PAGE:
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Cost of sales are not correlated with asset impairments. The impairments came from devaluation of assets held on the books. The primary driver in the cost of sales are sales incentives and the ratio of resources needed to generate the sales to actual revenue. If anything, the higher the impairment charge, the more the company would have to incentivize(?) to create a unit sale, thus generally a higher cost of sale per unit (ex. closing cost costs subsidy, free amenities, free cars, flat screens, furniture, commission rebates, etc.)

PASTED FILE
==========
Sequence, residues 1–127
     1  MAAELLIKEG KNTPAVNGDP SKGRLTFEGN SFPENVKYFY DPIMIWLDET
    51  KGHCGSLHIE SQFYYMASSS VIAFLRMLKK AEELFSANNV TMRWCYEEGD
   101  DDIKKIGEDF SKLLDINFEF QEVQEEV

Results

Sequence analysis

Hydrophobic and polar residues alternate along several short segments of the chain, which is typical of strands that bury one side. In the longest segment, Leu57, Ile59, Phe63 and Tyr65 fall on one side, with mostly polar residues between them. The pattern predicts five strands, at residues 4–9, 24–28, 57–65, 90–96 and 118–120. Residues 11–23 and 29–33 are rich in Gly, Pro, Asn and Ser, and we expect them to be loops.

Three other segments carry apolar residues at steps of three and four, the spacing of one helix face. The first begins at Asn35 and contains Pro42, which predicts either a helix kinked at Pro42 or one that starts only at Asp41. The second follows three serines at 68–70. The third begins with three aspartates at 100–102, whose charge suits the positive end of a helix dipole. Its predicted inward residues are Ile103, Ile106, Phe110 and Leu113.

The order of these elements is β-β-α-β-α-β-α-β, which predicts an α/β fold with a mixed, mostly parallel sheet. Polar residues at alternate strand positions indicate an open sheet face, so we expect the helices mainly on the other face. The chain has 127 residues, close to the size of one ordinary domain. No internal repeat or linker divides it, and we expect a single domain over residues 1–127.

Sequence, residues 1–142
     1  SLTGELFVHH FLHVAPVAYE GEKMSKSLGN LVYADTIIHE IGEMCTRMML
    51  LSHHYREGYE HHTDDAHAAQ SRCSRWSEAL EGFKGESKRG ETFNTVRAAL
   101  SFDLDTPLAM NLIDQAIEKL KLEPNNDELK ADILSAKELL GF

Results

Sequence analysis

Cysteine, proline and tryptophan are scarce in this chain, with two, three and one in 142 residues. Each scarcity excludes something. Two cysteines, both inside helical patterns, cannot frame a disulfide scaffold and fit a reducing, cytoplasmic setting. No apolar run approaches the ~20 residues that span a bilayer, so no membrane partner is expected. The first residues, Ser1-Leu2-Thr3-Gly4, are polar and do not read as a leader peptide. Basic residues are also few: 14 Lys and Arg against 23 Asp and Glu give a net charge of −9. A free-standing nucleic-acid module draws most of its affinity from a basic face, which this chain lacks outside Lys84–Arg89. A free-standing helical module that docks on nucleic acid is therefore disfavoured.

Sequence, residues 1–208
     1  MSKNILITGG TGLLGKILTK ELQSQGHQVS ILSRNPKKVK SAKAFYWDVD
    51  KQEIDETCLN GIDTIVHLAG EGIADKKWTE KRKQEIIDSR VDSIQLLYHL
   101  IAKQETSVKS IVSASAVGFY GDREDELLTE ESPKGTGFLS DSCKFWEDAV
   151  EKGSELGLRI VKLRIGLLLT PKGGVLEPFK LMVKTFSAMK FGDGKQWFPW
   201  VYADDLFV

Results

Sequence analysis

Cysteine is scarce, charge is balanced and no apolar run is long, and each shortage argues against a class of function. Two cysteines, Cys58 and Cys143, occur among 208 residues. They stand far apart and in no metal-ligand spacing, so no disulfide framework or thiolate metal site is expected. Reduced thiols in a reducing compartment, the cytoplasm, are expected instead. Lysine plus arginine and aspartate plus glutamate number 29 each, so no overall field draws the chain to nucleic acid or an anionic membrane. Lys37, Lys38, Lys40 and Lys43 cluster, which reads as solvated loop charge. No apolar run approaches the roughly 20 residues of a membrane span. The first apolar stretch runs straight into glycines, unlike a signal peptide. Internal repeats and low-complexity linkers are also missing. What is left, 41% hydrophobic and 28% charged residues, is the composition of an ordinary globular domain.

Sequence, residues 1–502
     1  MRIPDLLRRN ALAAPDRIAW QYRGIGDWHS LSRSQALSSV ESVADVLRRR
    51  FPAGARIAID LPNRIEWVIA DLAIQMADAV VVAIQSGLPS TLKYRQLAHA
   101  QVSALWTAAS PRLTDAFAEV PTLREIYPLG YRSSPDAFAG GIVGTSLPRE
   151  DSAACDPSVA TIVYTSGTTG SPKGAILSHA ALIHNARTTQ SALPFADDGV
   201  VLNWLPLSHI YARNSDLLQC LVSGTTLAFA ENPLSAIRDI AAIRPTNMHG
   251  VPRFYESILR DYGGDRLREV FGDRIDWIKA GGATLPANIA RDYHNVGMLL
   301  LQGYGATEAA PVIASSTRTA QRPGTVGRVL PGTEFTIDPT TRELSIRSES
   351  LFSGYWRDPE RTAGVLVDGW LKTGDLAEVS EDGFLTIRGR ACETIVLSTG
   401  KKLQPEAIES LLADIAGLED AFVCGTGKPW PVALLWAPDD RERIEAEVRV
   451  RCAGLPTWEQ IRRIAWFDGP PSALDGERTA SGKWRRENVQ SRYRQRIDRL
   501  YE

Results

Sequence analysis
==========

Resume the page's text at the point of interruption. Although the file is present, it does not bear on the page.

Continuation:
Am I missing something in your interpretation here?